|I been in the right place, but it must have been the wrong time; or so goes the song by Dr. John. Maybe I was too, but who can really say? All I know is I walk into a drug store in downtown Newark a couple of weeks ago, looking for an old friend who, I’m told, was employed there. I’m a little anxious and uneasy because I haven’t seen this guy in almost twenty years. And even though I’m looking forward to the meeting, I am mindful that it’s not a social call. I’ve got some real bad news to deliver. Sounds easy enough, right? Wrong!
The place is bustling with the typical five o’clock crowd, and the fact that I grew up in this city doesn’t stop me from feeling like the bastard step-child at a family reunion. Nevertheless, it’s a welcome escape from the stampeding suburbanites fleeing the city on the other side of the door. I eye the cashier, a weathered and withered old guy tending to a long line of customers, mostly women on cell phones. I walk past them hoping to spot someone who looks like they might be in charge, wondering how anyone could work here without losing their God forsaken mind and suddenly…
The sound is followed by a chorus of packages hitting the floor – bags, boxes, plastic containers – and a symphony of coins whirling around in countless spirals. The screaming started right after that.
|Istop, look over my shoulder, and what I see for the next few seconds seems absolutely surreal – like a Benny Hill skit in fast forward. The women who had been standing in line are now in a frenzied huddle around the counter. They’re jumping around, colliding into each, and screaming at the top of their lungs like hens who have just spotted a fox in the coop.
“Oh my God!”
|Ilook around and still don’t see anyone who looks like they’re in charge, or who even wants to be now, and in a few quick strides I’m standing over the counter. The old man is laying supine on the floor – eyes white, mouth open, hands raised chest high, his fingers spread and curled like talons – and he’s convulsing as if he’s stuck on a high voltage line. At first glance he looks like an extra in the Thriller video, which explains why the women are losing their minds, or so I like to think; but I soon realize he’s just an unfortunate old guy in the grips of a seizure.I breathe in, breathe out, but not before I give myself a swift mental kick in the ass because I could’ve been on I-80W heading home with the rest of the stampede outside. Then I yell for someone, anyone in the crowd of still screaming women to call 911 as I climb over the counter. Suddenly, there is silence. I check the old guy for injuries and find none, but now he’s suffocating on a mouthful of saliva. I turn him over on his side and I wait.|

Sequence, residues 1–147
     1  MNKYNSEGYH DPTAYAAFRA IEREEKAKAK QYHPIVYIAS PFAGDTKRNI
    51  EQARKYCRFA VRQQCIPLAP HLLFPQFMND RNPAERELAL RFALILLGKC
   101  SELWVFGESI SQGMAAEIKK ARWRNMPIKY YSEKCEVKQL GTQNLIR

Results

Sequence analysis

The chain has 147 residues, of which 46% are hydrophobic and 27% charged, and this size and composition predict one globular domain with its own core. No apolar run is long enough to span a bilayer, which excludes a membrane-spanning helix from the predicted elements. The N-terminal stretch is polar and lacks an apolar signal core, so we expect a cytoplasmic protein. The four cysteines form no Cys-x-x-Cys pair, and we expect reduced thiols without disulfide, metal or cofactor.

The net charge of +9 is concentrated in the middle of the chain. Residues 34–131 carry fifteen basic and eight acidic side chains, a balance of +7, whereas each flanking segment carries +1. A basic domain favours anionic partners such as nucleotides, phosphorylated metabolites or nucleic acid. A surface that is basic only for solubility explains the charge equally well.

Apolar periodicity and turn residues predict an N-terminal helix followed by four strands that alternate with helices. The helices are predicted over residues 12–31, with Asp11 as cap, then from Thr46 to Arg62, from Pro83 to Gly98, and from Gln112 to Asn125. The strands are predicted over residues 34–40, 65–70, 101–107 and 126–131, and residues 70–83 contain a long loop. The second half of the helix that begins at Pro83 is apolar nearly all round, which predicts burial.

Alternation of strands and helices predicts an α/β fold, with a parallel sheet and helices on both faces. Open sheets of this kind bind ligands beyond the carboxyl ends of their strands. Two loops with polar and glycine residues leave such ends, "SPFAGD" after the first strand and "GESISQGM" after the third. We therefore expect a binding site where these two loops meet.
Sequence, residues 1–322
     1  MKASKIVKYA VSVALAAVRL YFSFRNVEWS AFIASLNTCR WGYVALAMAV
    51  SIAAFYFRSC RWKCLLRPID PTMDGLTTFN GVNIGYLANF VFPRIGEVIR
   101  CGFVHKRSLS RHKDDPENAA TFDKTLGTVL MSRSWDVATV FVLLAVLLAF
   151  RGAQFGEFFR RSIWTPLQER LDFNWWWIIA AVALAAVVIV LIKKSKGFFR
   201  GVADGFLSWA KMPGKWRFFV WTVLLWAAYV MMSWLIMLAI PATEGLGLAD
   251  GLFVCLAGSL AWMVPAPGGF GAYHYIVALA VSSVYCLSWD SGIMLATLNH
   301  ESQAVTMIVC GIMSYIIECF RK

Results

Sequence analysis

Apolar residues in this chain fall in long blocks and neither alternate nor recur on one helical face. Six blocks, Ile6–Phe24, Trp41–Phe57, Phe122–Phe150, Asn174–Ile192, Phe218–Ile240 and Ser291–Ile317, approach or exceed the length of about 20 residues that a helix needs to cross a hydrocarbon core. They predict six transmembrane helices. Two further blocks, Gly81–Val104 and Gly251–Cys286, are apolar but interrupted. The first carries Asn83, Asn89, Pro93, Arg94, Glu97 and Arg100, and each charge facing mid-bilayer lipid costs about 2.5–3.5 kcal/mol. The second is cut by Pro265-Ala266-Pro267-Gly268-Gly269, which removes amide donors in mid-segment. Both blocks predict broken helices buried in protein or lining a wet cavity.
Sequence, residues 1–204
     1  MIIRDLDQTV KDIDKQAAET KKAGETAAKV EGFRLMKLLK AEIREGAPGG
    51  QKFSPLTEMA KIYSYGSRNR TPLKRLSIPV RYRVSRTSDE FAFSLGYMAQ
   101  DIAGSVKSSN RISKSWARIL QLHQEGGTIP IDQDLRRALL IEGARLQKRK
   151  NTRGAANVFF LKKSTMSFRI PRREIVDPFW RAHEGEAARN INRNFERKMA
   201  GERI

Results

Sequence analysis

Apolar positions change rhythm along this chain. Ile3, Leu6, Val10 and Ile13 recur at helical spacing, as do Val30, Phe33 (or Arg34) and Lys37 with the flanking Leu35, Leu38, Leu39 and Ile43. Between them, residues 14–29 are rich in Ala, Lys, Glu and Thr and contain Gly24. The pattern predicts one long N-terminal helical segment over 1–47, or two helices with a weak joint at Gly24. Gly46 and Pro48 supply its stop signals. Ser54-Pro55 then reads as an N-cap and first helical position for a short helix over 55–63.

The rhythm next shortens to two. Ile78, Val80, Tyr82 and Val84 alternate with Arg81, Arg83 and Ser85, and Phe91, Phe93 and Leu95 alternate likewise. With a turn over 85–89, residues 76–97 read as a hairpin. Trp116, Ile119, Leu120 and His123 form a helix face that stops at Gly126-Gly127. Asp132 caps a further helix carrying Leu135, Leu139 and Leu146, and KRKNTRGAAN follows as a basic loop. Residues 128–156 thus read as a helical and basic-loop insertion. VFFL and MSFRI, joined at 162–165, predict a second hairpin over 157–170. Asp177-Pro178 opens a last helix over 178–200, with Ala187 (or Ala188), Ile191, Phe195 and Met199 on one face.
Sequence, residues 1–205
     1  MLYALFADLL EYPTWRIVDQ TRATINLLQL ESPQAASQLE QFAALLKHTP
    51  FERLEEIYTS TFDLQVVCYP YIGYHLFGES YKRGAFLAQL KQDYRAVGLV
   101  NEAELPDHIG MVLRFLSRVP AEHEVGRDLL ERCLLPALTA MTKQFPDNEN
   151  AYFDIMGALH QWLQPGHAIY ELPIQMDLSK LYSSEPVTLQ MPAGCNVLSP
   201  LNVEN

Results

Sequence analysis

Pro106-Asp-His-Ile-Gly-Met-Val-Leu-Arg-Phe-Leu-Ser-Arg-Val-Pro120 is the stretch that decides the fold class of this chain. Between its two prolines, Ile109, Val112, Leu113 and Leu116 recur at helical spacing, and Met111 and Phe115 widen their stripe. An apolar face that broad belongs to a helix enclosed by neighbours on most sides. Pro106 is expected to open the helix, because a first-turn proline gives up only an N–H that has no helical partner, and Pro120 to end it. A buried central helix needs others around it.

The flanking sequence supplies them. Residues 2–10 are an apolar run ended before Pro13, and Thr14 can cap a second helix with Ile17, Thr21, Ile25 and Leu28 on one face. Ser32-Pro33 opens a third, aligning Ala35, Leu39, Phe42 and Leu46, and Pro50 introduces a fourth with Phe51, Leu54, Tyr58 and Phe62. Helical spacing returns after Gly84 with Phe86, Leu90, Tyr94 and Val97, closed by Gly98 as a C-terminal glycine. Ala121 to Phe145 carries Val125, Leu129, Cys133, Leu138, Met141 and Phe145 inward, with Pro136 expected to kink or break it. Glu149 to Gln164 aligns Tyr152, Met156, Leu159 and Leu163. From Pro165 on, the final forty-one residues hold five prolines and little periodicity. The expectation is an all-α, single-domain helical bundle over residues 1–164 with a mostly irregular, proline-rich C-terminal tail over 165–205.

|The silence seems eternal now. Almost as deafening as the screams only moments ago. Seconds later the old guy’s lungs erupt as his airway opens, and when he takes his first breath it sounds like he’s just surfaced from the bottom of the ocean. I know now that he’s gonna’ be alright. Another old guy on the other side of the counter decides this is an ideal time to describe in minute detail the stroke he suffered the previous year, and how he hopes I’m around if he ever has another one. I assure him it would not be in his best interests if that time were now.|
|There are several people gathered around us behind the counter now. The store manager; a young, white woman who looks totally lost, and the pharmacist; a middle-eastern woman in an abaya and hijab who looks like she’s following the store manager. A young, black guy in a long overcoat – who bears a striking resemblance to Suge Knight – identifies himself as the in-store security officer. I note that we share the same name, but my intuition tells me that’s all we have in common. I’m right. He immediately starts complaining about the old guy, his constant seizures and the fact no one there knows what to do when he has them. I interrupt by explaining how I came to be there and what he should do if it happens again, while we wait for emergency medical services to arrive. The coup de grace is when he tells me the friend I am looking for is no longer employed there, but that he’s glad I came in. I acknowledge both, the bad news and compliment, with a smile and a nod; but my disappointment is obvious. I breathe a sigh of relief when paramedics arrive and take over. I tell the old guy he’s gonna’ be fine.|
|Suge gives me the key to the employee rest room and I spend a few minutes thinking as I wash my face and hands. What might have happened to the poor old guy if no one had acted? Would he have lay there and suffocated on his own spit? Would they have just stood there and possibly watched him die? I’m still wondering when I return the key to the pharmacist and head toward the exit. As I’m leaving the store, the manager hands me a post-it-note with the phone number of the friend I was looking for and I think, maybe I was in right place at the right time?|